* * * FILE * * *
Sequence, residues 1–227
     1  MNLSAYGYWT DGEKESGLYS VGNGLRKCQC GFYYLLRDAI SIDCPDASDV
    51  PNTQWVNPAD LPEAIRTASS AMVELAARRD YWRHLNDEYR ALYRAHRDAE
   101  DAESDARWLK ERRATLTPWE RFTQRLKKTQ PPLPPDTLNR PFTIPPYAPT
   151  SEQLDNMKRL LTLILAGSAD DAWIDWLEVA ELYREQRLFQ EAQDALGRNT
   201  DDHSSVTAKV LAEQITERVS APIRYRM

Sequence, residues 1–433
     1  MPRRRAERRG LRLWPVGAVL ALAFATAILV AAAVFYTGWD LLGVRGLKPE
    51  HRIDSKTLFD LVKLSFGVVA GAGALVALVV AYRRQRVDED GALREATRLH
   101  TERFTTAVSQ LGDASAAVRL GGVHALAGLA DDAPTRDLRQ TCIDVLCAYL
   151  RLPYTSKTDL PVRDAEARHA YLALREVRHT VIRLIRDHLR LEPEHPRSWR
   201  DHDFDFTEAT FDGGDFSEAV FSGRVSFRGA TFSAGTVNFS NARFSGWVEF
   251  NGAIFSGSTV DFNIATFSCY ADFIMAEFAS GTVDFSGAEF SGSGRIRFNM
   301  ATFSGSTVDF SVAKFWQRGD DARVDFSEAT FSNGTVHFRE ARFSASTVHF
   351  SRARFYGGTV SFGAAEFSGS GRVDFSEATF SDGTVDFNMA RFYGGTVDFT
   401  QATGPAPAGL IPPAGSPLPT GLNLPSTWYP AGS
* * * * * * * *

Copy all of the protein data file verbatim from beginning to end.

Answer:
Sequence, residues 1–227
     1  MNLSAYGYWT DGEKESGLYS VGNGLRKCQC GFYYLLRDAI SIDCPDASDV
    51  PNTQWVNPAD LPEAIRTASS AMVELAARRD YWRHLNDEYR ALYRAHRDAE
   101  DAESDARWLK ERRATLTPWE RFTQRLKKTQ PPLPPDTLNR PFTIPPYAPT
   151  SEQLDNMKRL LTLILAGSAD DAWIDWLEVA ELYREQRLFQ EAQDALGRNT
   201  DDHSSVTAKV LAEQITERVS APIRYRM

Sequence, residues 1–433
     1  MPRRRAERRG LRLWPVGAVL ALAFATAILV AAAVFYTGWD LLGVRGLKPE
    51  HRIDSKTLFD LVKLSFGVVA GAGALVALVV AYRRQRVDED GALREATRLH
   101  TERFTTAVSQ LGDASAAVRL GGVHALAGLA DDAPTRDLRQ TCIDVLCAYL
   151  RLPYTSKTDL PVRDAEARHA YLALREVRHT VIRLIRDHLR LEPEHPRSWR
   201  DHDFDFTEAT FDGGDFSEAV FSGRVSFRGA TFSAGTVNFS NARFSGWVEF
   251  NGAIFSGSTV DFNIATFSCY ADFIMAEFAS GTVDFSGAEF SGSGRIRFNM
   301  ATFSGSTVDF SVAKFWQRGD DARVDFSEAT FSNGTVHFRE ARFSASTVHF
   351  SRARFYGGTV SFGAAEFSGS GRVDFSEATF SDGTVDFNMA RFYGGTVDFT
   401  QATGPAPAGL IPPAGSPLPT GLNLPSTWYP AGS